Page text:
Results: Twenty-five studies from eleven countries focused on adults (24 studies), adolescents (8 studies), and pregnant women (4 Facilitators included community-level factors (i.e. task-shifting, mobile outreach, integrated HIV and primary services, supportive cessation programs for substance users, active referrals, and dedicated case management teams) and individual-level factors (encouragement of peers/family and positive interactions with healthcare providers in transitioning into care). One key barrier for people living with HIV was perceived inability of providers to ensure confidentiality as part of linkage to care interventions. Providers reported difficulties navigating procedures across disparate facilities and having limited resources for linkage to care interventions.

Conclusions: Our findings extend the literature by highlighting the importance of task-shifting, mobile outreach, and integrated HIV and primary services. Both community and individual level factors may increase the feasibility and acceptability of HIV linkage to care interventions. These findings may inform policies to increase the reach of HIV services available in communities.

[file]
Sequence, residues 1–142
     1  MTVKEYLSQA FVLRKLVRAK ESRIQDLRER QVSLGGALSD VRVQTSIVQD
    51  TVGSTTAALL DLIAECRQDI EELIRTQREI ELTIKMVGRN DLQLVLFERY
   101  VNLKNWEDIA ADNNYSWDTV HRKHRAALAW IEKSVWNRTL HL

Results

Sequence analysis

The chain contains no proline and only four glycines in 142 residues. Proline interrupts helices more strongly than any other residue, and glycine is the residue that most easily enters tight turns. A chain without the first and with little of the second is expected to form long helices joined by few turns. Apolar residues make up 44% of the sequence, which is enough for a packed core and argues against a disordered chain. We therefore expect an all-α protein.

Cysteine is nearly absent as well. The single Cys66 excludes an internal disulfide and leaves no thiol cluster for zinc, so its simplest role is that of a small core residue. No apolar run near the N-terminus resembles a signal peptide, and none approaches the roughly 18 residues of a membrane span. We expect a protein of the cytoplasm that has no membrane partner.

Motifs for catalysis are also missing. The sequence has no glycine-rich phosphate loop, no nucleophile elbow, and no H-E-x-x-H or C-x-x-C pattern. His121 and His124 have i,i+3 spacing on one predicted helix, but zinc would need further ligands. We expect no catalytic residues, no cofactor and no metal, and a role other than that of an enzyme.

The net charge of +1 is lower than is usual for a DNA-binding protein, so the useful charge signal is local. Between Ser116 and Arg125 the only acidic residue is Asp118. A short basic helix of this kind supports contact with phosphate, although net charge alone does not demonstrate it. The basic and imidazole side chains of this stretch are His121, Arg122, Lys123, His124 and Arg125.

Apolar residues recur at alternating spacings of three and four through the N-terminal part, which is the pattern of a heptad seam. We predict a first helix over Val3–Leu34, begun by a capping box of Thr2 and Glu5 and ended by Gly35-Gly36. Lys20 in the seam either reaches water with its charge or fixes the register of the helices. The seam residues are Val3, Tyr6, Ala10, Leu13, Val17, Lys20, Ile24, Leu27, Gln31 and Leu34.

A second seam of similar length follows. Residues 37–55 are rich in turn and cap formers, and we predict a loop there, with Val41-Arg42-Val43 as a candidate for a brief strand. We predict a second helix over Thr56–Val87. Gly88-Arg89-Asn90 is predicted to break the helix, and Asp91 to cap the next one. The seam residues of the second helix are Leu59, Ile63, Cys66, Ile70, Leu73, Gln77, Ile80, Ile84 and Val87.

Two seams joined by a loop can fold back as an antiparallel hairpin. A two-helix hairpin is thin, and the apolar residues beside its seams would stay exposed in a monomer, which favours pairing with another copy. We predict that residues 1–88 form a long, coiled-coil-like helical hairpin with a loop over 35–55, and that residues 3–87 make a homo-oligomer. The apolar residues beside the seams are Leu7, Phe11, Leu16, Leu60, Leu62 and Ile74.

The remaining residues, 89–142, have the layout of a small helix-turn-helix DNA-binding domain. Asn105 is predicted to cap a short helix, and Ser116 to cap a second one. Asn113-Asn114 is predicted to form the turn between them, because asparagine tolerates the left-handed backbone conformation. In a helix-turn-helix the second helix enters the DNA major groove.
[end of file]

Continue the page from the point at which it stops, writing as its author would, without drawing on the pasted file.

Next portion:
Abstract access  

Editor’s notes: As the authors of this paper observe, most evaluations of linkage to care programmes have focused on quantitative assessment. This useful paper provides a thorough overview of the findings from 25 studies which used qualitative methods for assessment. Linkage-to- care programmes feasible in different country settings were identified in this review.  The authors also highlight gaps, most notably a lack of information on linkage-to-care programmes for men. They also note the need for longitudinal assessments that look at changes over time.